Gathering information is the first step to creating a more inclusive church building and atmosphere, so you’re doing great so far. In Luke, Christ calls us to welcome people of all abilities and backgrounds. Anyone who desires to worship the living God and hear the good news of the gospel should have a way to do so.
The unfortunate truth is older buildings are generally far behind modern inclusivity standards. In addition, religious institutions are exempt from the Americans with Disabilities Act (ADA). How can you, as the leader of your flock, prepare a welcoming place to serve all attendees despite these common issues?
1. Start With Yourself
Any change in the church has to begin with you. You’ll need more than knowledge to make this venture successful — you need a heart change. As the church’s leader, your congregation will follow you, for better or worse. They need to see your sincere commitment to inclusivity.
Pray constantly for the Spirit to soften your heart to all who come through the doors. Ask for the right words to say and steps to take.
2. Work On Hearts
The church body’s attitude toward people with different abilities and needs is just as essential as physical accommodations. Installing a ramp and displaying lyrics on a large screen won’t compensate for hard hearts. Guests and members know when they’re welcome and when they aren’t.
Enact change by preparing a series of sermons about inclusivity and God’s love for all his people. You can also hold a membership meeting to air concerns and present accurate information.
3. Get a Diverse Group Involved
Before making any significant changes, you must assess your needs. Talk to church and community members about how you could improve. Ask questions about the entire experience. How does the building function? Do members and staff feel welcoming to all? Is the service accessible? You should also create a diverse board to review and implement alterations.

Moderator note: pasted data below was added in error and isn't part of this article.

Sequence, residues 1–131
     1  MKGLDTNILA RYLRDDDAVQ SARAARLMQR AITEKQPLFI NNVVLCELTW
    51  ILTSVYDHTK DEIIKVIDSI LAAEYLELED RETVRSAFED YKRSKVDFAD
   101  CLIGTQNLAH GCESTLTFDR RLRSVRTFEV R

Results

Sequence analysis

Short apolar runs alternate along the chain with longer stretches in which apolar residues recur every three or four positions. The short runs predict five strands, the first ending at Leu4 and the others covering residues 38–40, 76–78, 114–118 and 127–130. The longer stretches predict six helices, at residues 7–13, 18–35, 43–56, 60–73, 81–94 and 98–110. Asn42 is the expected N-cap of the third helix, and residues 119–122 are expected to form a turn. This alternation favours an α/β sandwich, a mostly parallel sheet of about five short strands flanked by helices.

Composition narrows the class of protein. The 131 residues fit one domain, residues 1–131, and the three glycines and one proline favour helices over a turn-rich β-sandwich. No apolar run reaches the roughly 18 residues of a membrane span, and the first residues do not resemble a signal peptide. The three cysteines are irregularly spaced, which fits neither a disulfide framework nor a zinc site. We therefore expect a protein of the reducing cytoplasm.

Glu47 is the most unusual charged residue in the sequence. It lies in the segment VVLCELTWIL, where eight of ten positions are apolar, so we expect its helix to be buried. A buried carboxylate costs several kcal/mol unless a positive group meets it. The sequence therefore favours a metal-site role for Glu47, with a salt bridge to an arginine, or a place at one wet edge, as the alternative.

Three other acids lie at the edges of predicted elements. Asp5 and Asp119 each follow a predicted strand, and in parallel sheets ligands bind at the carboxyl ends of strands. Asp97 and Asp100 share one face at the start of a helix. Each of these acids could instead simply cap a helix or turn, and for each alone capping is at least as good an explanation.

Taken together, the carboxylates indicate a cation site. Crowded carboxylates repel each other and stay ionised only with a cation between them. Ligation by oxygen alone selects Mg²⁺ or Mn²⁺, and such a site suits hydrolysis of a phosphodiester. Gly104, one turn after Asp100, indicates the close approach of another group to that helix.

4. Address Safety First
Ample exits and fire alarms are essential safety measures any building must have. Keeping up with these is in your congregation’s best interest. However, you must consider how well the same systems work for guests with different abilities.
Multi-sensory alarms, including visual and audible signals, are helpful for those who have sight or hearing loss. You also need to ensure you mark exits and stairs so anyone can see or feel where they are and get out in an emergency. Train your hospitality crew and staff members to look out for people with different abilities to help them if needed.
5. Accommodate for Independence
While help is most often welcome during an emergency, people with different abilities deserve the right to remain independent. Your first mission is to install essential accessibility tools like ramps around the premises and inside the building. We recommend following the ADA’s 1:12 standard slope, as it can greatly enhance the comfort level of your guests.
Consider independence measures for people of all abilities. For example, raised bumps on the floor could alert someone with no sight to a stairwell and automatic doors are ideal for those with some physical disabilities.
6. Make Room for Nursing Mothers
Consider moms among the people who may need extra accommodations. They may want a separate space to quiet a fussy baby. A nursing room gives them a peaceful place to go and the privacy to breastfeed when they need. Use speakers and a television or screen to livestream the service so moms can stay part of the worship.
7. Provide Options for People With Sensory Needs
Your service isn’t the same experience for everyone in your audience. People with different abilities may miss out on whole aspects or feel overwhelmed by certain practices. You can take extra measures to ensure all attendees can enjoy the service. Equip the praise team and any speakers with microphones and offer headphones for people to hear even better. Noise-canceling headphones are another great option for guests overstimulated by loud sounds.
You can project lyrics and the sermon’s main ideas on a screen so anyone can follow along regardless of hearing abilities. Keep any lighting effects to a minimum since bright or flashing lights can be alarming to some people.
8. Revamp the Online Experience
Having a functional and active online presence is another excellent way to boost inclusivity in your church. A website with a search bar helps people with low vision find what they’re looking for with less scanning. Similarly, you can upload access to announcements, the bulletin, sermon notes and lyrics so people can use their devices to blow these up larger during the service.
Your congregation probably has a few members who’d benefit from streaming the service online. Congregants who are sick or otherwise cannot leave their houses can still be part of the community and learn from the sermon from the comfort and safety of their homes.
Tell the Community
Let the community know once you’ve revamped your building and service for people of all abilities. You may be the only church in the area willing to reach out to underserved groups to this extent. You never know who you may bring to the Lord by making these changes. Let your serve-others-first mentality be a beacon to the world.